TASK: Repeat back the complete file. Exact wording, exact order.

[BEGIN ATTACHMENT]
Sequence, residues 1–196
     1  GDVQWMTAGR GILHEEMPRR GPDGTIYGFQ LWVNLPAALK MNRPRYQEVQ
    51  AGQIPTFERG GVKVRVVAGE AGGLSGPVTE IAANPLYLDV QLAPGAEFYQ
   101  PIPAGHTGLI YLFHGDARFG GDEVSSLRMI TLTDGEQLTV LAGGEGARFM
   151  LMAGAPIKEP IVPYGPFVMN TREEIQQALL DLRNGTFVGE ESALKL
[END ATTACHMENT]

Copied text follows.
Sequence, residues 1–196
     1  GDVQWMTAGR GILHEEMPRR GPDGTIYGFQ LWVNLPAALK MNRPRYQEVQ
    51  AGQIPTFERG GVKVRVVAGE AGGLSGPVTE IAANPLYLDV QLAPGAEFYQ
   101  PIPAGHTGLI YLFHGDARFG GDEVSSLRMI TLTDGEQLTV LAGGEGARFM
   151  LMAGAPIKEP IVPYGPFVMN TREEIQQALL DLRNGTFVGE ESALKL